Two Accounts of Begging the Question


This essay discusses epistemic analysis of the fallacy of begging the question. In the literature, there are two prominent epistemic explanations of the fallacy, the objective and the subjective. The objective account bases the analysis of the fallacy on the epistemic relations of the propositions used in the argument. The subjective account bases the analysis on the way the arguers acquire their beliefs in the propositions used in the argument. Arguments that aim to show that a propositional analysis is not flexible enough for fallacy analysis have been taken to be a decisive argument for the subjective approach. Yet, the propositional sense seems to address a central intuition about this fallacy. In this essay, it is argued that both analyses need to be retained.



    Upload a copy of this work     Papers currently archived: 92,953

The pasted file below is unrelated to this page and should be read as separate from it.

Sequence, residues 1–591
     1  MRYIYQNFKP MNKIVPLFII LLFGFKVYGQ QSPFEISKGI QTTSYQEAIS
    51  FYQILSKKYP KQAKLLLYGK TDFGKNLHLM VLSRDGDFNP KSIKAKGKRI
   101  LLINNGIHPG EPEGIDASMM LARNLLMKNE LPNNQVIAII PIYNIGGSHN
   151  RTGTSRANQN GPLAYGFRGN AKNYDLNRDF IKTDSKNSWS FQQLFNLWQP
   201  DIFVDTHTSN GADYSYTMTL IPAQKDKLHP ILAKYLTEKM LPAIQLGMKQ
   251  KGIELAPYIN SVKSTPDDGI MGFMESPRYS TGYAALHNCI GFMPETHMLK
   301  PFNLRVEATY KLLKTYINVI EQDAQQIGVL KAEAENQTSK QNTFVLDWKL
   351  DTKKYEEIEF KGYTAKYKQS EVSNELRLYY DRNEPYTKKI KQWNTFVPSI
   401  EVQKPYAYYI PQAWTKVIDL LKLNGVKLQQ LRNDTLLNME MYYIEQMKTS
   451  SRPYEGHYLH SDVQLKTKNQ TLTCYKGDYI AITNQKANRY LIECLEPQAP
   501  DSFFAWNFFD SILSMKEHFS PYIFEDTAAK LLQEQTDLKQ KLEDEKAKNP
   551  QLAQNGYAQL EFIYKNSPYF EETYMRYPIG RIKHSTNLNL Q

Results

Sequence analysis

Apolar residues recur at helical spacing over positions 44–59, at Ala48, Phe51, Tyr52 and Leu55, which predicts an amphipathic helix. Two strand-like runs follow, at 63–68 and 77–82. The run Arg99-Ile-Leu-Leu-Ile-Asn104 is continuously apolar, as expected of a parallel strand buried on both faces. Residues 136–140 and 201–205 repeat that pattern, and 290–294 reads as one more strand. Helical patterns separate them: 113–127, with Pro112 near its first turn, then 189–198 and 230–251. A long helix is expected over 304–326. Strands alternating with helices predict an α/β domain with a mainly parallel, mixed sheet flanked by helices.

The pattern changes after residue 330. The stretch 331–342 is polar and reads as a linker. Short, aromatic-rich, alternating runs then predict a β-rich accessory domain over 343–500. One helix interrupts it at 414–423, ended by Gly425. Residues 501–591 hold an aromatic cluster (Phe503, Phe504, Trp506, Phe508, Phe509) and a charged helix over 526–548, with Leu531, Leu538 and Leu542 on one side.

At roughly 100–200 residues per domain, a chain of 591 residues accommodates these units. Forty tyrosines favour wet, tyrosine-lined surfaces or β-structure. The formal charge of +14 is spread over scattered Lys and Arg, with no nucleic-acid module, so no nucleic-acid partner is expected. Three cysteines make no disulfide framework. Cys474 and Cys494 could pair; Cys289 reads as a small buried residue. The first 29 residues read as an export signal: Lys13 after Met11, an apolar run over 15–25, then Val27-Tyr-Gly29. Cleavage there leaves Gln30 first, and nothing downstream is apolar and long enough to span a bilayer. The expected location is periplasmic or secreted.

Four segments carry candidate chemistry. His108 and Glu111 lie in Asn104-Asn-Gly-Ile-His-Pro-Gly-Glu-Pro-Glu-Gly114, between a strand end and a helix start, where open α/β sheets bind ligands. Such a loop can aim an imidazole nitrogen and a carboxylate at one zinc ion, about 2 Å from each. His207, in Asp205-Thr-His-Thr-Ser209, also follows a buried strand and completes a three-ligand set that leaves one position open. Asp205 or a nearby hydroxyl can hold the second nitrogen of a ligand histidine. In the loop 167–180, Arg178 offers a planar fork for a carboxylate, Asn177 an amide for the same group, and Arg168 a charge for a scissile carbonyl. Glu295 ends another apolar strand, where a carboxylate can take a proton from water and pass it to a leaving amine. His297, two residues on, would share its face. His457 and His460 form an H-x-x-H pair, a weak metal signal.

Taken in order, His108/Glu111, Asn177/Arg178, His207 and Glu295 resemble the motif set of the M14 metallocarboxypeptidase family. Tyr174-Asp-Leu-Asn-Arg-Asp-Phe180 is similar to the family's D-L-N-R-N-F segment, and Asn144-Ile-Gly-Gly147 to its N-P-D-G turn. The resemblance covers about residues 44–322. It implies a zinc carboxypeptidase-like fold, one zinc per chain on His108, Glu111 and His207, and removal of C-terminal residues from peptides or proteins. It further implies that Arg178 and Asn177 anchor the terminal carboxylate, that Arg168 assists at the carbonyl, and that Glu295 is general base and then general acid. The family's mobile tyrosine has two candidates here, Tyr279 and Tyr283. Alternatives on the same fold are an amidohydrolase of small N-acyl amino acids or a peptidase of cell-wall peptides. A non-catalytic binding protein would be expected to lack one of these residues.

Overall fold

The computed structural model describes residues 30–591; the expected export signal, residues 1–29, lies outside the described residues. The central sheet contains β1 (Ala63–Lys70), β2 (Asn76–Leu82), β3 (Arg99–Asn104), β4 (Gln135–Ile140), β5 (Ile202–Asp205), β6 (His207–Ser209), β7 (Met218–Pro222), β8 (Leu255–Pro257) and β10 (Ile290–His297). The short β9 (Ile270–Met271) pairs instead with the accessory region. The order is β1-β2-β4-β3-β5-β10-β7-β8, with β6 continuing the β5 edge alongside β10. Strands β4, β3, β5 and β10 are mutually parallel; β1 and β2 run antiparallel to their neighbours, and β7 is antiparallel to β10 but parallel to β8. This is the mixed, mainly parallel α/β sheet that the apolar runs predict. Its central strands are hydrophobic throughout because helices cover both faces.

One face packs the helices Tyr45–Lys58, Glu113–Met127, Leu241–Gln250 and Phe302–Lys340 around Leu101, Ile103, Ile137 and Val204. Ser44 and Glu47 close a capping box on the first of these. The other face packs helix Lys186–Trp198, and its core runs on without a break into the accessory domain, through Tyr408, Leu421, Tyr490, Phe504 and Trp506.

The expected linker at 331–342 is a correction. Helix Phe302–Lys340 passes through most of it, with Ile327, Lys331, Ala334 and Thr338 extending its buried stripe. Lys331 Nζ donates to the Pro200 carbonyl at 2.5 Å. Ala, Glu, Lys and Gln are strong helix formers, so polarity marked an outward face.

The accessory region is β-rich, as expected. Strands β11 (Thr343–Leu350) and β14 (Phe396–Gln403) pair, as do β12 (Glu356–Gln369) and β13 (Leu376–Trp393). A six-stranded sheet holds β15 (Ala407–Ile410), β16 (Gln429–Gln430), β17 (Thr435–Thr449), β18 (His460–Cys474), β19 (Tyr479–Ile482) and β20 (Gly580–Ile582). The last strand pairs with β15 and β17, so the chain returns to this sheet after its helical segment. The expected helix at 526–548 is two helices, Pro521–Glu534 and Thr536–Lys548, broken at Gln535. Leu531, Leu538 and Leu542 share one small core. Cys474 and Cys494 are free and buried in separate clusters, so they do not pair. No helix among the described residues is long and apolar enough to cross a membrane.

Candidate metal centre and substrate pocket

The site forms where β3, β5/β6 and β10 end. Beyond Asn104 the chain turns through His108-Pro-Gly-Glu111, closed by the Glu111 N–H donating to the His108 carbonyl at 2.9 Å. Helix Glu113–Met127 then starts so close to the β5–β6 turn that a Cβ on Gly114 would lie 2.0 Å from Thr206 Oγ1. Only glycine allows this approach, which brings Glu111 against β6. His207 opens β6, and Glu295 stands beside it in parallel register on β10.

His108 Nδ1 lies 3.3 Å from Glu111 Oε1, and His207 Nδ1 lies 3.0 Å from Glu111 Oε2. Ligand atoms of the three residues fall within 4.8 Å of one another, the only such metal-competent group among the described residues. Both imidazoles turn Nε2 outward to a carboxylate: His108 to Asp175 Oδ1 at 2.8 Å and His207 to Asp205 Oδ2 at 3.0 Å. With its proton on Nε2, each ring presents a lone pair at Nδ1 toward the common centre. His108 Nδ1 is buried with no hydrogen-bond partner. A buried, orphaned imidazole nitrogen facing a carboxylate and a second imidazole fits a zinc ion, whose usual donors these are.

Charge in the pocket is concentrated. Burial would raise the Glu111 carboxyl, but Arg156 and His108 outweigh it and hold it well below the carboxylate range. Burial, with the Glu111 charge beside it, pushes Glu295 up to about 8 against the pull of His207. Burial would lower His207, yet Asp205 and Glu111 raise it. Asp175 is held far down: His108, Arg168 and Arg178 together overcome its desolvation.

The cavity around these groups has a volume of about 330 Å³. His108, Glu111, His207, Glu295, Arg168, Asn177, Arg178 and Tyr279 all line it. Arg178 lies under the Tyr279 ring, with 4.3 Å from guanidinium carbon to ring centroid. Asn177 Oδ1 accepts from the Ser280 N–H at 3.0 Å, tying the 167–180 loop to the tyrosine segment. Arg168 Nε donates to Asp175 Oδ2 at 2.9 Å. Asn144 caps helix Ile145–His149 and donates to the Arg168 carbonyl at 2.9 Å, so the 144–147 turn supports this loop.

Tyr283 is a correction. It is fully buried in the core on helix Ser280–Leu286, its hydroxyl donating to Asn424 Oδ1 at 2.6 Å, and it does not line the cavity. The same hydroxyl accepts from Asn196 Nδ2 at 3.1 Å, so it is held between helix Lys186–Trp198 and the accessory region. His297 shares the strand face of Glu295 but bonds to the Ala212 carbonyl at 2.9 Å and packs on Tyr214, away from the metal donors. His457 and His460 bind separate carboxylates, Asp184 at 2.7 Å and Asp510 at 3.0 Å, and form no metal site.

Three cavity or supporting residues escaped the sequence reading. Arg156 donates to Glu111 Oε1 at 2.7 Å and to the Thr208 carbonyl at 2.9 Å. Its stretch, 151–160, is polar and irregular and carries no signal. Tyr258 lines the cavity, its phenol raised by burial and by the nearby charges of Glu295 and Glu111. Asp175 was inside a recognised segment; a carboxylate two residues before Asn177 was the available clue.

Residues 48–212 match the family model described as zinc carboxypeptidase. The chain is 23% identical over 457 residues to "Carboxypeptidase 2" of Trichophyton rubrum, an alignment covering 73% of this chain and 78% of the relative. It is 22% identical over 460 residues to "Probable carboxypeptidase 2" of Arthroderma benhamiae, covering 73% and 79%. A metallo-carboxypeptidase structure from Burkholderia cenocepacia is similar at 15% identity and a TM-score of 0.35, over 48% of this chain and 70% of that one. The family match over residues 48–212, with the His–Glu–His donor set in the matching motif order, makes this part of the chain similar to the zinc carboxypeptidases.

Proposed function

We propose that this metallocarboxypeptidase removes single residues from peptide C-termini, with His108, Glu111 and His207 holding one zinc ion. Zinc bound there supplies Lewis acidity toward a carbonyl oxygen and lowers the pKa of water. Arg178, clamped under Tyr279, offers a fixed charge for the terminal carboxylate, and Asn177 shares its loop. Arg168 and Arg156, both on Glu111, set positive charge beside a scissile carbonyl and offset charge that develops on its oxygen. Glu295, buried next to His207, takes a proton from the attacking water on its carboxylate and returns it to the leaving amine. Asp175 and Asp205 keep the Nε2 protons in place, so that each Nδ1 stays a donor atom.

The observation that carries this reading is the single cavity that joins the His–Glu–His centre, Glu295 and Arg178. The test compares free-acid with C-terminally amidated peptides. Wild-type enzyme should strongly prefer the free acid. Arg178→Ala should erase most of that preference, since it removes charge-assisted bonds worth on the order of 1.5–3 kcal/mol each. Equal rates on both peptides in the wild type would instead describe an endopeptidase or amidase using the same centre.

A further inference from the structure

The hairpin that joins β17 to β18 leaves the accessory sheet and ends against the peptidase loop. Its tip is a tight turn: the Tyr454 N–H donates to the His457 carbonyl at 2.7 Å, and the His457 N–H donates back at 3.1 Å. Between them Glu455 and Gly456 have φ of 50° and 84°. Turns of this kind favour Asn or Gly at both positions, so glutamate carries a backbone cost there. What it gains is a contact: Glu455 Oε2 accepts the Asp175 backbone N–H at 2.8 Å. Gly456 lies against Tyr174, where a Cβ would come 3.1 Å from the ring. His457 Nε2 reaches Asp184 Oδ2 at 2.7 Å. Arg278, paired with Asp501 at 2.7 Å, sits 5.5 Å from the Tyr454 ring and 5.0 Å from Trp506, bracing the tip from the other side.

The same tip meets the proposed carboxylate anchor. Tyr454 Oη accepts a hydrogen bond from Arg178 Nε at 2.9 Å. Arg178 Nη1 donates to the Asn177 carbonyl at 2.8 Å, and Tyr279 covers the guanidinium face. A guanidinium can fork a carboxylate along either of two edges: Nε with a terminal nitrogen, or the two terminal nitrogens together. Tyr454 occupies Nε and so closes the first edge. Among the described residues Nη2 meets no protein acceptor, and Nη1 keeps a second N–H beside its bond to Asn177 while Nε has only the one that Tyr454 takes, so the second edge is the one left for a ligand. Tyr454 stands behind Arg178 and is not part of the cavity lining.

External links

Setup an account with your affiliations in order to access resources via your University's proxy server

Through your library

  • Only published works are available at libraries.


Added to PP

28 (#587,772)

6 months
5 (#710,905)

Historical graph of downloads
How can I increase my downloads?

Author's Profile

Juho Ritola
University of Turku

References found in this work

Problems in Argument Analysis and Evaluation.Trudy Govier - 2018 - Windsor: University of Windsor.
The Complete Works: The Rev. Oxford Translation.Jonathan Barnes (ed.) - 1984 - Princeton, N.J.: Princeton University Press.
Proof of an external world.George Edward Moore - 1939 - Proceedings of the British Academy 25 (5):273--300.
Begging the question.Walter Sinnott-Armstrong - 1999 - Australasian Journal of Philosophy 77 (2):174 – 191.

View all 17 references / Add more references